Most vampires will tell you never ever to feed from yourself, and it’s a good idea not to. No matter what the cause of vampirism, there’s obviously something in other people’s blood that isn’t in ours, and we need to ingest it. However as long as I don’t fully depend upon my own blood, I have no hesitations in using it as a last resort.
Given my grisly story there’s something that I feel has to be said here. I’m not a danger to you, nor is any other vampire. I went a very, very long time without blood, and it was my own fault for ignoring my body. It hasn’t happened since, and it will never happen again, especially now that I’m living with somebody.
So that part was my (very general) past, and here’s my present. I live in a darkened apartment fairly close to my university. During university semesters I do go outside during the day, but I’m always wearing a lot of clothes (no matter what the temperature), and it pretty much consists of running down the road to avoid getting burned. Light sensitivity is something most vampires tend to get, and I was given that in spades. It might be a side-effect of drinking blood, but my heritage is mostly English, and English people burn in about twenty minutes in summer. I burn in six. I was chagrined to discover on a walk to the corner store and back I had gotten burned – the trip had taken me six minutes, and I spent two weeks indoors afterwards for my sunburn to heal.
Another thing some people tend to believe is that vampires have heightened senses. This seems to be somewhat true, but not to the extent that some people will have you believe. I can’t hear a spider crawling in the apartment next to me. However when I listen to music, I’ll be annoyed at every passing car (which my ears follow halfway down the road) and every movement my poor girlfriend makes. This is because I can hear the depths of most sounds at a very low volume, so I’ll put my music on a comfortable volume and have the natural sounds overwhelm it quite easily. Just to give you an example, my computer is making a whirring noise that covers my music right now, and typing has to be done in time with the beat, or it just overtakes the music.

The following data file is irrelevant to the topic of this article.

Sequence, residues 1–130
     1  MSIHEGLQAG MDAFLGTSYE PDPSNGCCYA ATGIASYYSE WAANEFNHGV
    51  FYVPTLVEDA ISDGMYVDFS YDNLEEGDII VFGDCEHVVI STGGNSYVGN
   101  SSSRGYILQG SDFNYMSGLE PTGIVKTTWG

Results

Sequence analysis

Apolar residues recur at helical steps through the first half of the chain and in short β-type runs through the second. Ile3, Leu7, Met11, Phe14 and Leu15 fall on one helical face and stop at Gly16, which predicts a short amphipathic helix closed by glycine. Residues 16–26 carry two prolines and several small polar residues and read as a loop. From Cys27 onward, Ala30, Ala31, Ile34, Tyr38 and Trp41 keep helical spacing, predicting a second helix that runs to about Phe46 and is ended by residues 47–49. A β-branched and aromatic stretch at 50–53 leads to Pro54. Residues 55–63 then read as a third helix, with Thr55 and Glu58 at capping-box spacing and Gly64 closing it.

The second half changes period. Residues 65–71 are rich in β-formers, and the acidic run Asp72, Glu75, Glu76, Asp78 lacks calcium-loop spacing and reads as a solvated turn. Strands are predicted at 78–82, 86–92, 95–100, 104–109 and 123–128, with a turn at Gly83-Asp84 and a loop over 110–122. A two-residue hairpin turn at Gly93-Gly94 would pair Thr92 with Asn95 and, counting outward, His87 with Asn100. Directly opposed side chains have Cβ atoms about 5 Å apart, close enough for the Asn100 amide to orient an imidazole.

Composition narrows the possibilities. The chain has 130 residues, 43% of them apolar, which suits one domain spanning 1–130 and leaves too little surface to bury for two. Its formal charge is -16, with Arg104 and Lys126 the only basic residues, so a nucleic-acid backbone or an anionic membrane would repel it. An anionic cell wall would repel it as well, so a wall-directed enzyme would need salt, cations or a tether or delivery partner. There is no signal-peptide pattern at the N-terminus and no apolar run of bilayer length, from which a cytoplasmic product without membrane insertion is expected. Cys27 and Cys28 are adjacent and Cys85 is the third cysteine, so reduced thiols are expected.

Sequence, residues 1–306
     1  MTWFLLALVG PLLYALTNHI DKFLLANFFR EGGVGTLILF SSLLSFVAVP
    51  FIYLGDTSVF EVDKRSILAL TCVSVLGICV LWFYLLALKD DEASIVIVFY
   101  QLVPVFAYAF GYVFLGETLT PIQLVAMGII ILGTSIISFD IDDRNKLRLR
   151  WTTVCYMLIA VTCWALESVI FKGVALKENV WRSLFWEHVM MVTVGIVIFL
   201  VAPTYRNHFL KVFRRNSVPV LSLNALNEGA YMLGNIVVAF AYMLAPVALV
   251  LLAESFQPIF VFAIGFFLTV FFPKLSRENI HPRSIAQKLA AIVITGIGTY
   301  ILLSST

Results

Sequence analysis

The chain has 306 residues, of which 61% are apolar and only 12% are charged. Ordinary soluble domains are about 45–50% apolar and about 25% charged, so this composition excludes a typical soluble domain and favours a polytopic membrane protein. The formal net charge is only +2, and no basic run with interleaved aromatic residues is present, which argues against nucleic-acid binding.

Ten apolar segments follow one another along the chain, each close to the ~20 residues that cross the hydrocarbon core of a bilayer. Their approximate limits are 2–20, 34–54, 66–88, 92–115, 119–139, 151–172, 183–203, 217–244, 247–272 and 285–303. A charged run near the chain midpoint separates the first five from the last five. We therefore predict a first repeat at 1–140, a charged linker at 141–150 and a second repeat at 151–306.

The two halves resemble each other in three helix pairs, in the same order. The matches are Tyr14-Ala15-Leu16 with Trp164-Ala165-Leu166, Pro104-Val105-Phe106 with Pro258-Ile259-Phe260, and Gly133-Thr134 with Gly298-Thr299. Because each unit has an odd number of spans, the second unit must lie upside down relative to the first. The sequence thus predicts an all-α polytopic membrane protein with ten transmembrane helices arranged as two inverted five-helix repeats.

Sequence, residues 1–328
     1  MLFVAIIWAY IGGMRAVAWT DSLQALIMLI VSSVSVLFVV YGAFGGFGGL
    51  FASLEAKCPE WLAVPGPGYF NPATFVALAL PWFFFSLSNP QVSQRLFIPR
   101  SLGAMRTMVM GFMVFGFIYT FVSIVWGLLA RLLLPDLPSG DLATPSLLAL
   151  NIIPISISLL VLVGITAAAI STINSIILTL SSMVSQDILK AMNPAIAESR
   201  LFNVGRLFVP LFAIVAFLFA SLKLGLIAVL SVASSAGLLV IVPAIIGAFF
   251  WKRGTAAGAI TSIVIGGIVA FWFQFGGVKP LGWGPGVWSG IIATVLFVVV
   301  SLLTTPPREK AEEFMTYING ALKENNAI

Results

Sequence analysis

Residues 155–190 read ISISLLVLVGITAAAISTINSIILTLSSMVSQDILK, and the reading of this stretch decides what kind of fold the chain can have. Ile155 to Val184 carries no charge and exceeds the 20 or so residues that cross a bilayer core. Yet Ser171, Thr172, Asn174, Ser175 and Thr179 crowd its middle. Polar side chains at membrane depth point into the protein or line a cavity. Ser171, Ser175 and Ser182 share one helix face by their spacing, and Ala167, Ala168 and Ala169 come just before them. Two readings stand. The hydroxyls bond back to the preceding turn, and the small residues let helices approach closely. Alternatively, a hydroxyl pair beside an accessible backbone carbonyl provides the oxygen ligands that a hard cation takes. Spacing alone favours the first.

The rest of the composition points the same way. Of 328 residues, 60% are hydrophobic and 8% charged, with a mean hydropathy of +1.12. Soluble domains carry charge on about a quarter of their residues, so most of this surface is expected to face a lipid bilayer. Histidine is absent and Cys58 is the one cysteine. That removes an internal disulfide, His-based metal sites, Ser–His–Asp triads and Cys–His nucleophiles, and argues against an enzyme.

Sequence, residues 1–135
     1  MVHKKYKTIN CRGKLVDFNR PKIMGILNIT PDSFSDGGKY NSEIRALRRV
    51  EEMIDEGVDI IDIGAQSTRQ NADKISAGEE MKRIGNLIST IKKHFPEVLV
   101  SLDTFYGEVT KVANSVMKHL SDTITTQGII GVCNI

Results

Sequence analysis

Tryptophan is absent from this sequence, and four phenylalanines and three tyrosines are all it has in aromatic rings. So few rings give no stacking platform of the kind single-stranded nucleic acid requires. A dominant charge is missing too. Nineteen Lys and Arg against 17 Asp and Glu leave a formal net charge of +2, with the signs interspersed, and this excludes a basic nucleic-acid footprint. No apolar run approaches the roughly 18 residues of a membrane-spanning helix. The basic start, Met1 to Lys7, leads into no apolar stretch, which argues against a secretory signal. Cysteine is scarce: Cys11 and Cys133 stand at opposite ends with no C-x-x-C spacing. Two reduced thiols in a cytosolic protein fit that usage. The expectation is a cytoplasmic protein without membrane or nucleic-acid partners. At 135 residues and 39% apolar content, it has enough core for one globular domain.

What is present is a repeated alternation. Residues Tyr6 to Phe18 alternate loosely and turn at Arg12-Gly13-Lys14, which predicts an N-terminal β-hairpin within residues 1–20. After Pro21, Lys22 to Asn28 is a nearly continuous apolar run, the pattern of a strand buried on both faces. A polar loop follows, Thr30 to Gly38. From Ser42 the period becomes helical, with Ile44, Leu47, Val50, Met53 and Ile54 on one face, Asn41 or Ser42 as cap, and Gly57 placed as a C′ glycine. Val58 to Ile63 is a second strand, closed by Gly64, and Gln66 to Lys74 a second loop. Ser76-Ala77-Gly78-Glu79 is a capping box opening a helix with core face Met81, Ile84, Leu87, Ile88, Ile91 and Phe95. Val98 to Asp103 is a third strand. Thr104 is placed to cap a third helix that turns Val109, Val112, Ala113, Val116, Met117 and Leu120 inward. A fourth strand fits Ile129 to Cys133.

Another thing I’ll mention is my tendency to play vampiric video games, watch vampire movies and even sometimes wear a set of fake fangs and run around in a black cape – it’s because it’s fun. I don’t consider that being a “real” vampire, and I don’t take it seriously – and neither should you. I play video games and watch movies like that not because I think it’s finding my “true place” or anything like that, I’m just interested in the vampire fiction genre, and this has ABSOLUTELY NOTHING to do with actually being a vampire. They’re two different traits, like having blonde hair and blue eyes. They often go together, but to say one means the other is just silly.
And believe it or not, there has been a point to all this. One thing every vampire can never really have is true understanding from everyone else. There are one or two people you’ll ever meet that will truly understand and accept real vampires (yes real, we can’t turn into fog or bats, and we’re not superhuman), and I’ve had the amazingly good fortune of living with one of them. I might end up telling my parents in twenty years or so, when they’re much more likely to listen, when society has developed enough for vampirism to be considered somewhat normal, but I’m not holding my breath waiting for that one to happen. Most likely I’ll sit in my dark unit and go to university, then get some night job for the rest of my life. From what I gather so far, this is what most other vampires do, and if you’re the parent of an awakening vamp, this is what your child will most likely do, and the one thing they need from you is the one thing they won’t find anywhere else – understanding. Drag their ass to the doctor, make sure it’s not something else, but in the end, if it is, give them a big hug and tell them it’s okay, because it really is. Realising you are a vampire is not the end of your life – in fact in a way, it’s only the beginning.